Change of Ideas

I’m the biggest Sox fan I know. The Red Sox can do no wrong in my eyes, and the Yankees are the most evil team in the universe.

Who doesn’t prefer the quaintness of Fenway Park over the sterility of the new Yankee Stadium? Who doesn’t prefer hanging Sox over pinstripes? Or Pedroia over A-Rod?

That’s what makes writing this post so difficult. The Yankees are without a doubt better than Boston, and are arguably the best baseball team I’ve seen in the past several years.

I used to argue that New York bought championships, that they couldn’t develop any of their talent and relied on throwing buckets of money at any and all high-profile free agents. Take Mark Teixeira, CC Sabathia, A.J. Burnett, just to name the 2009 off-season. They committed over $200 million to three guys? I thought that this was a bad thing, and horrible for baseball.

But the more I think about it, I can’t help but think that they’ve got the right idea, and maybe Boston should get off their pocketbook and throw some cash around. Can you imagine if Theo Epstein had given in to Teixeira’s demands and given him an additional ten million? They would be running away with the division. Instead, they get to face him 19 times each of the next eight years, and we’ve already seen how that’s worked out.

Epstein thought it would be better to sign low-cost, potentially high-reward players in John Smoltz, Brad Penny and Takashi Saito, all of whom have equated to bust, bust, bust. To make matters even worse, Boston is now trying to add 38-year-old Billy Wagner. Wagner is fresh off Tommy John surgery and is due to be paid $8 million this year. That’s a lot of money to pay four aging ex-all-stars, all past their prime. What’s next, is Theo Epstein going to make a run at Sandy Koufax?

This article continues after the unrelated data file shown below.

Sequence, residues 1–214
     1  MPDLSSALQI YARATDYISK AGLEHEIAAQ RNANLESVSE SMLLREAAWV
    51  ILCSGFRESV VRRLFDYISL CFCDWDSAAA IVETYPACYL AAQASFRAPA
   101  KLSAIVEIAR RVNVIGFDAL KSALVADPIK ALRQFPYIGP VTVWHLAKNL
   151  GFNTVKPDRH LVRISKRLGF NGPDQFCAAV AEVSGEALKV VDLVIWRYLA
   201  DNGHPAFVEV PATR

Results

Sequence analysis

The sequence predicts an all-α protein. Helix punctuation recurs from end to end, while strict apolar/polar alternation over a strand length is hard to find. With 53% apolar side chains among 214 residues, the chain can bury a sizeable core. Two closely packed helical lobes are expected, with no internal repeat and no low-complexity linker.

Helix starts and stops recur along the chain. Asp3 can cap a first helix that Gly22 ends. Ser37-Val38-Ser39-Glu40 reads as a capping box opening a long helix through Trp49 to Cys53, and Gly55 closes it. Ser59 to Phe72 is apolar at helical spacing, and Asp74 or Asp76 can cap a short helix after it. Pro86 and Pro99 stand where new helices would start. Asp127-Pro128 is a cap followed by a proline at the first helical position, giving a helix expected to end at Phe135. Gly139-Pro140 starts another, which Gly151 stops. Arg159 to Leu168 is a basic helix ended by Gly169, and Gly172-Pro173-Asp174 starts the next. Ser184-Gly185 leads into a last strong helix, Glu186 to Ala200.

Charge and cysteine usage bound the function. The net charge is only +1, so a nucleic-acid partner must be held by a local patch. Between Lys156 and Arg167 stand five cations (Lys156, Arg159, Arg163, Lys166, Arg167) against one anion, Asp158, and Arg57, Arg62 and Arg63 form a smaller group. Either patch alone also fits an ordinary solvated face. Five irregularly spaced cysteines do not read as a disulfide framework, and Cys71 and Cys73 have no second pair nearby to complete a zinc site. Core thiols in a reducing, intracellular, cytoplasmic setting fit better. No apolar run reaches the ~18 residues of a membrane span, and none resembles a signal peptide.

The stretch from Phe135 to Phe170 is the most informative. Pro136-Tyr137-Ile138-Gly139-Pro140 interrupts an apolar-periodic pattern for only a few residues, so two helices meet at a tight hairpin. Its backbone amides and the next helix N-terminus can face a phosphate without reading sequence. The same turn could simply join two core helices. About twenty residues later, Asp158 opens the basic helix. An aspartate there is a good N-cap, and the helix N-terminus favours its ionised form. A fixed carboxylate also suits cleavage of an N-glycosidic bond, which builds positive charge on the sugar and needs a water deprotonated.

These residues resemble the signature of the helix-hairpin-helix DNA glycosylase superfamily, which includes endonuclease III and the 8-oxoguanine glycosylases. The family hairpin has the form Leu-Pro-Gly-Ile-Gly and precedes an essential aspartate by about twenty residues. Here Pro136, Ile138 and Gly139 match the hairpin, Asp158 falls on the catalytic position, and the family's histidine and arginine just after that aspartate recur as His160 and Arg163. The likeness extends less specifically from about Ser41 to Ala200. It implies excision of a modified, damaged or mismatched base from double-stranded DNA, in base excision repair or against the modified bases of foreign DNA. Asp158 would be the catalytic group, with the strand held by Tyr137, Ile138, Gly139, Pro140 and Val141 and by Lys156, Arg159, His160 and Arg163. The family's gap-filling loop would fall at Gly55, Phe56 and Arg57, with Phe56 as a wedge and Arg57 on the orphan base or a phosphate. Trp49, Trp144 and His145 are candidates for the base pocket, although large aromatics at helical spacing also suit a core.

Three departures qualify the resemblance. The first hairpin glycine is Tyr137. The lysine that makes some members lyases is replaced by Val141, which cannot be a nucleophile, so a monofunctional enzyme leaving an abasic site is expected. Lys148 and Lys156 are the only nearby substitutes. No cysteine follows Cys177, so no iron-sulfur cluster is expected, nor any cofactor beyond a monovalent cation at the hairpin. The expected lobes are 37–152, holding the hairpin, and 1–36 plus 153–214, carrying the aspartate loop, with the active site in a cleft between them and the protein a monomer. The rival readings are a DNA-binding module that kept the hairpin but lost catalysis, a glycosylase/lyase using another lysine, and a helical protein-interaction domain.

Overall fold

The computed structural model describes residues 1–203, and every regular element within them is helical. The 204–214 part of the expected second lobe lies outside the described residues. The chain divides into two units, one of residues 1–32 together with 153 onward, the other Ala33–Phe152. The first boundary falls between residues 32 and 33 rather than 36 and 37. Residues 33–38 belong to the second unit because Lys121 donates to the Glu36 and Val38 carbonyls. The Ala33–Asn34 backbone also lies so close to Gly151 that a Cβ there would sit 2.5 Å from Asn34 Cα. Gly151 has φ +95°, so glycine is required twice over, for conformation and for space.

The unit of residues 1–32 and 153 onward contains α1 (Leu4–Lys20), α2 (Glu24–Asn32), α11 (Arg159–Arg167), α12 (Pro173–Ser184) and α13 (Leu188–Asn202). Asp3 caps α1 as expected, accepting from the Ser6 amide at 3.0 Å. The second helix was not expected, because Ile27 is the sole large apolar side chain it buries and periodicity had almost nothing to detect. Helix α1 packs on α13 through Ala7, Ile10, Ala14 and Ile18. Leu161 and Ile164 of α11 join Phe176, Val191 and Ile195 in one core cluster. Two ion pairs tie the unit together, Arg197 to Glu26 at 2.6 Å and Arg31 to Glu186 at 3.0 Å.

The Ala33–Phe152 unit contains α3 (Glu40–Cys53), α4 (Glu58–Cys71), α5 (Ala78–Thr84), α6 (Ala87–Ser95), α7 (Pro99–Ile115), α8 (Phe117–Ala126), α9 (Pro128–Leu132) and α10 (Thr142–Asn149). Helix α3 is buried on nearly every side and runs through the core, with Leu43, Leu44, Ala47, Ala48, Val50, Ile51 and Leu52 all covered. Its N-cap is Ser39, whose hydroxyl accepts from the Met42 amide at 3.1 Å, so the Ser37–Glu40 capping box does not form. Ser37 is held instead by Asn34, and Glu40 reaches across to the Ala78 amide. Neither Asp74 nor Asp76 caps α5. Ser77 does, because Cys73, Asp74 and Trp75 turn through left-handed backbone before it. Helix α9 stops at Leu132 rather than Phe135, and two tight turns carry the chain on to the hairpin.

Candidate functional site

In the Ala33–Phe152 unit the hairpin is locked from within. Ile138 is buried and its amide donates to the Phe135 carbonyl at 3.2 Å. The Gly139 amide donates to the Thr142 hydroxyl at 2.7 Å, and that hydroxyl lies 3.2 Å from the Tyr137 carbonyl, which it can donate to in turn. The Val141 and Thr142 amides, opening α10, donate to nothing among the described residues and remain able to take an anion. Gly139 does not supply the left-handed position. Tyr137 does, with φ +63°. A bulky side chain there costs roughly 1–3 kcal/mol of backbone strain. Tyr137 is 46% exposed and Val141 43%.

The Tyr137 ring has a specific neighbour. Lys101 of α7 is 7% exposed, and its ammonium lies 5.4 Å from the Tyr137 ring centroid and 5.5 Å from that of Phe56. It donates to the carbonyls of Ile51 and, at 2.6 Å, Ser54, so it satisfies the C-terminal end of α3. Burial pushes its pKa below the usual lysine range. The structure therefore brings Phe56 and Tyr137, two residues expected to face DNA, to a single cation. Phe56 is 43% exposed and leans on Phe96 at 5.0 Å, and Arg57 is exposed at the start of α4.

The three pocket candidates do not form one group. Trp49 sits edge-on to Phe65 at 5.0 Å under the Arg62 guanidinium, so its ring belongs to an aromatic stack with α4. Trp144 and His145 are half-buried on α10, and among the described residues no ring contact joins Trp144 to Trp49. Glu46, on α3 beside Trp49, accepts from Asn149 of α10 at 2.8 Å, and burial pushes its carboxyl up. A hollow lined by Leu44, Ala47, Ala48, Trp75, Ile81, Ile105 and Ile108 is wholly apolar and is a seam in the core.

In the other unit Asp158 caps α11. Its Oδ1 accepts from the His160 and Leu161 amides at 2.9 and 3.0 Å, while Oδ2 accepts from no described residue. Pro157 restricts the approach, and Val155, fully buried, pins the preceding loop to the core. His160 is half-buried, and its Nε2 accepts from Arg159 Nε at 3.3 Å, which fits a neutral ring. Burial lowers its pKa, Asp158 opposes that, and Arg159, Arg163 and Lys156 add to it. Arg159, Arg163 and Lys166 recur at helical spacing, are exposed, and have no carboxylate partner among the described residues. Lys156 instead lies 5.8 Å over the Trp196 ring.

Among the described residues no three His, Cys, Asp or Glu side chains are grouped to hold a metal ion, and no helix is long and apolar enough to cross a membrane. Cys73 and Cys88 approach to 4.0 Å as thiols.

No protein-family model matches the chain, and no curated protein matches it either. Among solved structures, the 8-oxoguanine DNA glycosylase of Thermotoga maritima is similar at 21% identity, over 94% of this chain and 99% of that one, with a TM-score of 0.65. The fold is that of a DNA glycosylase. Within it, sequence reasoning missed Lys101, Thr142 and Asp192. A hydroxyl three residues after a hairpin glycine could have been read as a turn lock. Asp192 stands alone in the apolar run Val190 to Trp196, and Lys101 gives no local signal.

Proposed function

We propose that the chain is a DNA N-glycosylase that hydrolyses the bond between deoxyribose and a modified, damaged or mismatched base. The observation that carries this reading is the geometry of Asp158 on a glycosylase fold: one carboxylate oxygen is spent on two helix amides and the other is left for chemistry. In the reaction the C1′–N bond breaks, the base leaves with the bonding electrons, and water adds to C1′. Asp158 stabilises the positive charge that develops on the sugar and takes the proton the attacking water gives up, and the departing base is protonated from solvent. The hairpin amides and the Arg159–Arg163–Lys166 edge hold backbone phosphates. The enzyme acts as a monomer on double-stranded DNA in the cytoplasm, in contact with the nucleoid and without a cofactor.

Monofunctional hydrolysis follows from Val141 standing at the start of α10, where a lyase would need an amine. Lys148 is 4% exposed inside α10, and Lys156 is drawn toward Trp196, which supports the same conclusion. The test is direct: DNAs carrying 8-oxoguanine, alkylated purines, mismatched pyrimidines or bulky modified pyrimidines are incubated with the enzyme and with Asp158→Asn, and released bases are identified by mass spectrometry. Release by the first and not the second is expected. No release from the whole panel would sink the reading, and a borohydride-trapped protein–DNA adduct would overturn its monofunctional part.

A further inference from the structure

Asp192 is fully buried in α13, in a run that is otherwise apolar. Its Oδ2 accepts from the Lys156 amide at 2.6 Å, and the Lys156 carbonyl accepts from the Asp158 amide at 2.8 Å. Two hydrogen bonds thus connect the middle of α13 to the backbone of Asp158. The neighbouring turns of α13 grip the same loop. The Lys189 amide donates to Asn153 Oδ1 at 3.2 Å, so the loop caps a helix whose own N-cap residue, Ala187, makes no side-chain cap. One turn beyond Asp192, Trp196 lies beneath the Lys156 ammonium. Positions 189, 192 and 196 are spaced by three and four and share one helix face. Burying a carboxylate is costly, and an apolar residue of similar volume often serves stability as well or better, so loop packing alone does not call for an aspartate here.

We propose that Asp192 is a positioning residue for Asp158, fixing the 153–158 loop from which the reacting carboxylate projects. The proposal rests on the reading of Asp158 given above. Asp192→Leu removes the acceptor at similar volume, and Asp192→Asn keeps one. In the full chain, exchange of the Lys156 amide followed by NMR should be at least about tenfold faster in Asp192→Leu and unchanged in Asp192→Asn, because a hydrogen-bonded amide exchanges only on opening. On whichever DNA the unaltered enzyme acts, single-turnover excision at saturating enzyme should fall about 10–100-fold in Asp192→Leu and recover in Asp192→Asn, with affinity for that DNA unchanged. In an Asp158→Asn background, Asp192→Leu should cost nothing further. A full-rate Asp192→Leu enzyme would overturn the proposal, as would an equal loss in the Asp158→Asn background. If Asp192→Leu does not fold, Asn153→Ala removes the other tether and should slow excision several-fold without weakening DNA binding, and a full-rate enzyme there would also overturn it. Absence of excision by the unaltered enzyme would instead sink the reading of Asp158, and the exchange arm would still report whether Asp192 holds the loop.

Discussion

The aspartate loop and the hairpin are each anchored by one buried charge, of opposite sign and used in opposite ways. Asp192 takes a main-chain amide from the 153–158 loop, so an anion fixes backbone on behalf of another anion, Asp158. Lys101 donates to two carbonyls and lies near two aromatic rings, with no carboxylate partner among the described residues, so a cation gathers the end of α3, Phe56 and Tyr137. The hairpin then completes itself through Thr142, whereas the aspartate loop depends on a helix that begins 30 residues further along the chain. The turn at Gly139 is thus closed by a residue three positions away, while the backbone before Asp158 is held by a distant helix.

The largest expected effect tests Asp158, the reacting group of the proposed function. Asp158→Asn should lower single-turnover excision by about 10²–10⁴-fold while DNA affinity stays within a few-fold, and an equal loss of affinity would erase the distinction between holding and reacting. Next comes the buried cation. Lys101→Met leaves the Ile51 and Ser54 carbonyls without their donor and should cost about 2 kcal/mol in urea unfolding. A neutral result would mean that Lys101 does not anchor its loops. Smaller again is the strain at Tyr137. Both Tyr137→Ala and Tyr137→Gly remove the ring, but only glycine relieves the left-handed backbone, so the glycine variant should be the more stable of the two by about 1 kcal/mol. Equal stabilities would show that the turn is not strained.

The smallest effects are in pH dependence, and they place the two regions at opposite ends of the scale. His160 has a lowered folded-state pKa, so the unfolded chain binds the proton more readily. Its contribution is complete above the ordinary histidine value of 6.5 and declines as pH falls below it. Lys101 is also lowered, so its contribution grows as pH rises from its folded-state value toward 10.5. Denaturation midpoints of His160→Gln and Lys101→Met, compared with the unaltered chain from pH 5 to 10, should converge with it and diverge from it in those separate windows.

The last high-profile free agents that Boston signed have been Edgar Renteria, J.D. Drew, Julio Lugo and Dice-K Matsuzaka. I just threw up in my mouth.

If Boston’s free agent scouting was half as good as their farm development, they could avoid these money-pit signings and land some real talent. Is it time to start looking at a new General Manager in Bean town?

I hate that the Yankees are better than Boston. I hate that this may be the norm for the next several years, unless the Red Sox change their off-season approach. I hate that the Yankees are arrogant douche bags that are far too clean shaven for my liking.

But what I hate most, is that New York is primed to win their 27th World Series title this year.

Start Me Up

Baseball season is finally back, and although the offseason for the Boston Red Sox didn’t go the way I’d hope it would, I’m still optimistic for a successful 2009 campaign.

It’s becoming more and more obvious that Theo Epstein and Terry Francona don’t read thefoulline.com. If they had, we’d be watching Mark Texiera and Derek Lowe gearing up for the season in Fort Myers, while watching the enigmatic Julio Lugo and overrated Jason Varitek packing their bags to destination Anywhere But Boston.

But after my initial disappointment with the lack of big name signings, I’m starting to really like the additions of Brad Penny, Takashi Saito and especially future Hall of Famer John Smoltz. These guys are low cost, with potential huge rewards for Boston. Even though Smoltz won’t be ready until June, he could be the big addition to the lineup that usually takes place at the trade deadline. If Boston makes the postseason, a lineup with Josh Beckett and John Smoltz would be scary.

Before we can talk about the playoffs, there are a lot of questions about this team that could severely affect their post season chances. Will Josh Beckett, David Ortiz, and Mike Lowell rebound from their 2008 injury-plagued season? With Coco Crisp shipped off to Kansas City, is Jacoby Ellsbury ready to be the everyday centerfielder and leadoff hitter? Can a full season of Jason Bay make up for the loss of Manny? Who will be the Red Sox catcher of the future?

To make matters worse, rivals Tampa Bay and New York revamped their already dangerous lineups. The Yankees decided to spend a quarter of a billion dollars on big-game choker CC Sabathia, the oft-injured A.J. Burnett, and current thefoulline.com public enemy #2 Mark Texiera. Will this high priced talent lead to a return to the postseason for the Bronx Bombers? Or will these guys wilt under the pressure of playing in the Big Apple like Randy Johnson, Kevin Brown and Carl Pavano? Let’s hope for the latter.